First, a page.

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  3. I agree. That poor girl is a mess, and I don't think any of her "people" do much more than defend and enable her. It's sad.

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  4. "The people who truly run Hollywood do so on the sheer force of our undying desperation, fueled by those big dreams and persistent passions even protracted failure can't quite seem to tamp down."

    Nicely put. Where would all those stars be without a horde of people worshipping their every move in the not-so-secret hopes that we could be them one day?

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  5. I wish you all of that at 40. I'd have wished it for you at 20 but I didn't know you then.

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  6. The saddest part is all would be forgiven had Georgia Rule done any box office.

    MQ--I have never paid for a hotel room for my life. And it's not for the reason you are conjuring up right now, thank you. I used to be a travel writer. We don't pay. I'm supposed to now of course but now I couldn't afford it anyway so it doesn't really matter. Does that answer your question, dear?

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  7. So the real question is, how does D. feel knowing that every American boy in the vicinity of her age had a stone-cold crush on Winnie Cooper, and therefore her?
    Every time I see Lindsey Lohan I want to get her a sandwich. A big double whopper, followed by extra large fries.
    If she would just eat, she could not only look more normal, but might hold her liquor better.

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  8. I'm laughing, I'm crying. As for D., she's a little iffy on all that. Let's just say I've written about her before and she was none too thrilled. It's not that she minds being written about, just that she really wants to move past being Winnie. Alas, we are all just that short of having it all.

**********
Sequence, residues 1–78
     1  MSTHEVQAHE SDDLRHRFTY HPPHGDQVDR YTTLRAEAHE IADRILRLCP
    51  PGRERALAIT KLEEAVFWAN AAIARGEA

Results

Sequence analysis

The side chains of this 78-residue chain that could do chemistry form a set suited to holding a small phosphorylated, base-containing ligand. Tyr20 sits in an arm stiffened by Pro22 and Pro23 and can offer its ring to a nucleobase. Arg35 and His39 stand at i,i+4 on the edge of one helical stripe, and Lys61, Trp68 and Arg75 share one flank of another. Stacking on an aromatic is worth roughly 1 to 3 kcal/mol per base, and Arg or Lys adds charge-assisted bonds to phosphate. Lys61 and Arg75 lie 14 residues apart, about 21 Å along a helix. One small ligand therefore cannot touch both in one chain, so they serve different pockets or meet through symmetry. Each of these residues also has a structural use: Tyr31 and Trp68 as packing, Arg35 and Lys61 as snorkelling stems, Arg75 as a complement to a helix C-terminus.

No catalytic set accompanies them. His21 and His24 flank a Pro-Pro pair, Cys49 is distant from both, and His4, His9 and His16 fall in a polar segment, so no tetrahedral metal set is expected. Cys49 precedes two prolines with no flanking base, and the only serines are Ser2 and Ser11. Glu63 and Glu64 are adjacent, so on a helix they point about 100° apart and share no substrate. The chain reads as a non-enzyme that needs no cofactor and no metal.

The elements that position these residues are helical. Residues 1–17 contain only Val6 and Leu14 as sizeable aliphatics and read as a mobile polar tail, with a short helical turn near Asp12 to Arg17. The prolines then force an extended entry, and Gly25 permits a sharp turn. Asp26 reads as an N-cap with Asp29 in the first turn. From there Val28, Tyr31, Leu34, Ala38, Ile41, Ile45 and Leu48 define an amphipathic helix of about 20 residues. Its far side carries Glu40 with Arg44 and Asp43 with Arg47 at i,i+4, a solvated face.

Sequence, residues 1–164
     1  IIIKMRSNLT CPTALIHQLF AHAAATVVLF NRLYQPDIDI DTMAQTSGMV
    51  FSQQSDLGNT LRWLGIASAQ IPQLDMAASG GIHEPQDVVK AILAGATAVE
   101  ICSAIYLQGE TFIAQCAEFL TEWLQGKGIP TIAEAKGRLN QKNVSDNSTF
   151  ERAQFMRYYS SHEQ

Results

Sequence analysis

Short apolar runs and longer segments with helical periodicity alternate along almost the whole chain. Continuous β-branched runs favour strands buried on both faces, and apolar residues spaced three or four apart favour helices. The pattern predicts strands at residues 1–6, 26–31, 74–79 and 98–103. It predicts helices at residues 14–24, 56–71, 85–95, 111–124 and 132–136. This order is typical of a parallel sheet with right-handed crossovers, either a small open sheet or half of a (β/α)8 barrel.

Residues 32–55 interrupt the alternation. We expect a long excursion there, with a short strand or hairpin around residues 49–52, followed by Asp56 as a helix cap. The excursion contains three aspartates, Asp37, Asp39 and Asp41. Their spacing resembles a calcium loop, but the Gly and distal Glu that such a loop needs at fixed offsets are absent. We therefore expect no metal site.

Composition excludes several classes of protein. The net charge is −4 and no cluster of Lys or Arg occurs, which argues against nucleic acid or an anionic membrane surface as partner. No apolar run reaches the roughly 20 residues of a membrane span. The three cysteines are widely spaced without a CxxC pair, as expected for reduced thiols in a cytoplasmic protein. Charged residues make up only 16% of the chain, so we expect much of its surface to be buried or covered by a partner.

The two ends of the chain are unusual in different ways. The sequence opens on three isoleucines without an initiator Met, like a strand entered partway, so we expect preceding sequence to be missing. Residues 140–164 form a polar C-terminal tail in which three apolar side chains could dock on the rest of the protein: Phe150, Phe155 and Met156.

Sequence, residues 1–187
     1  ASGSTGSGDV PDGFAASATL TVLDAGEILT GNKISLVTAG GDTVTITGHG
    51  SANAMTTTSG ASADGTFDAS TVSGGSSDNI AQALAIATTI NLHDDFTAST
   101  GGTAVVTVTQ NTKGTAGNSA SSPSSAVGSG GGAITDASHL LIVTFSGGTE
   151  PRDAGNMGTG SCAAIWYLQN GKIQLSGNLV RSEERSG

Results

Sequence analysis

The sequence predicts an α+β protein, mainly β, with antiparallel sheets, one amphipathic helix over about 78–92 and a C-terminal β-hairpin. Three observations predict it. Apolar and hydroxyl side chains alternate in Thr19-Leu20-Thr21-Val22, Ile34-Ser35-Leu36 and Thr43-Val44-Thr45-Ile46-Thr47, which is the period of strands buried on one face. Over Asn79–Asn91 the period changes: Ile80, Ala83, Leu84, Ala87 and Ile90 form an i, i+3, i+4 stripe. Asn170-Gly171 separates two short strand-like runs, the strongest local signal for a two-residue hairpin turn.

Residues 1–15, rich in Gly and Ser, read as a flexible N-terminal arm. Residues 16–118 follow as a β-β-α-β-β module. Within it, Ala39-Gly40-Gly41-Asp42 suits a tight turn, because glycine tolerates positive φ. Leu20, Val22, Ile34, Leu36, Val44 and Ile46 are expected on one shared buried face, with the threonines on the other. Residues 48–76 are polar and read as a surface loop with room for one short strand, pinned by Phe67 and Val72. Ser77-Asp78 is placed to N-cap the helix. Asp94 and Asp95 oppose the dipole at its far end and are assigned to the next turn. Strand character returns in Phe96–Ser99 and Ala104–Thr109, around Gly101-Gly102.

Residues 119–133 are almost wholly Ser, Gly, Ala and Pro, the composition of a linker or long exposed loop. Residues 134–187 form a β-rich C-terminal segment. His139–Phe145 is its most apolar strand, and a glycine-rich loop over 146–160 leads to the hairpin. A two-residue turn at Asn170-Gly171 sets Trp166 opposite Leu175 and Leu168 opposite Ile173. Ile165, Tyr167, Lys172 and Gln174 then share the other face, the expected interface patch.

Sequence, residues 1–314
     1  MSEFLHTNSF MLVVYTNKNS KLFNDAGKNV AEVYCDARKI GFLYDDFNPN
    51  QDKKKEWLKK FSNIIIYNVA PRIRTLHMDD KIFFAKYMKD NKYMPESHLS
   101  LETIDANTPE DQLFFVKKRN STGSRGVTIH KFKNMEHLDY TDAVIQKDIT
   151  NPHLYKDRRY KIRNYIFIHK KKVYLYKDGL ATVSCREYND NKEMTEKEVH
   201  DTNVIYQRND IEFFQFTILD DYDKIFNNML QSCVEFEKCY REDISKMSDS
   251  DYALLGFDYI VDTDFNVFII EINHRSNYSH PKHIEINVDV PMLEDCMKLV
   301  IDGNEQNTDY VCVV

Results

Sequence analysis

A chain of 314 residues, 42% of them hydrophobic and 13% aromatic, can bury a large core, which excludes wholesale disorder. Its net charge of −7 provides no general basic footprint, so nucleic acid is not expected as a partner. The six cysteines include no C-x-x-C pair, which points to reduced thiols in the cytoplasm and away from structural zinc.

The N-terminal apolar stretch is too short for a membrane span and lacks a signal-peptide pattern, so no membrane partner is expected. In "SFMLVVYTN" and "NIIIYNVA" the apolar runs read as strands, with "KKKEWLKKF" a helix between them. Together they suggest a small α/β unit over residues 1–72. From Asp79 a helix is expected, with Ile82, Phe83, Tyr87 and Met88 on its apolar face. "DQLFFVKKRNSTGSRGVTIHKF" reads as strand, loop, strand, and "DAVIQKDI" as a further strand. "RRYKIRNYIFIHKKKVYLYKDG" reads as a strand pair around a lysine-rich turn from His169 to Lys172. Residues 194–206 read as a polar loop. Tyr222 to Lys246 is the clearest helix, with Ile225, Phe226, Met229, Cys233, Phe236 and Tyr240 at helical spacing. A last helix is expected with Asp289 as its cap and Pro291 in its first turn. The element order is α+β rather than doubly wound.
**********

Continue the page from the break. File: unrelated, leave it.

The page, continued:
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  9. Hey, Doug, who you calling forty? We don't do that here, even if we're fifty, unless we're really super mad at someone for stealing our parking spot.

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  10. Surfed here through BOTB but definitely will be heading back,love your blog *air kiss*
    Lindsay is following hot on the heels of a lot of the other "child stars" only she seems to be doing in a lot more spectacular and public fashion.
    I agree if Georgia Rule had done well all would be forgiven and her press right now would all be positive even as she was driving headlong into lamposts.

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  11. Thanks, Wendy! Your name sounds familiar from BE. I like anything with wings in it, birds, butterflies, the eighties TV show...

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  12. I totally agree with you.
    Who wouldn't want to be rich, famous and good looking?
    But what you really got to do is hold on to the people who really love you (and will continue to do that no matter what). Money gets spent, fame and good looks fade away, but true friends remain.

    BTW, I like your blog. If you would be interested in link exchange, you can drop me a comment at http://photo-blogging.blogspot.com/

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  13. Consider yourself linked, Marko. See how easy I am when people agree with me? Sheesh, how hard is that?

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  14. And I get annoyed when my sons leave their dirty clothes on the floor....one is older, two are younger than her. All have more sense. I'll live with the socks.

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  15. Julie, as usual your blog is insightful and entertaining. It's not really fair to call it a blog, as blog implies off-the-cuff writing...your entries are really more like short essays, full of astute observations and self-deprecation (which you can lay off a bit, IMHO). In short, thanks for writing.

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  16. Chuck Loch3:25 PM

    Damn it, Julie, you did it again. Brought tears to my eyes with your poignant comments on poor littlr Lindsay (I'm serious).

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  17. Chuck, I have a sneaking suspicion that's more about your being a great dad than my being a great writer.
    ;-)

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  18. Nice post, Julie. I'm glad that D has it together. That is, after all, more important than all the work and fame.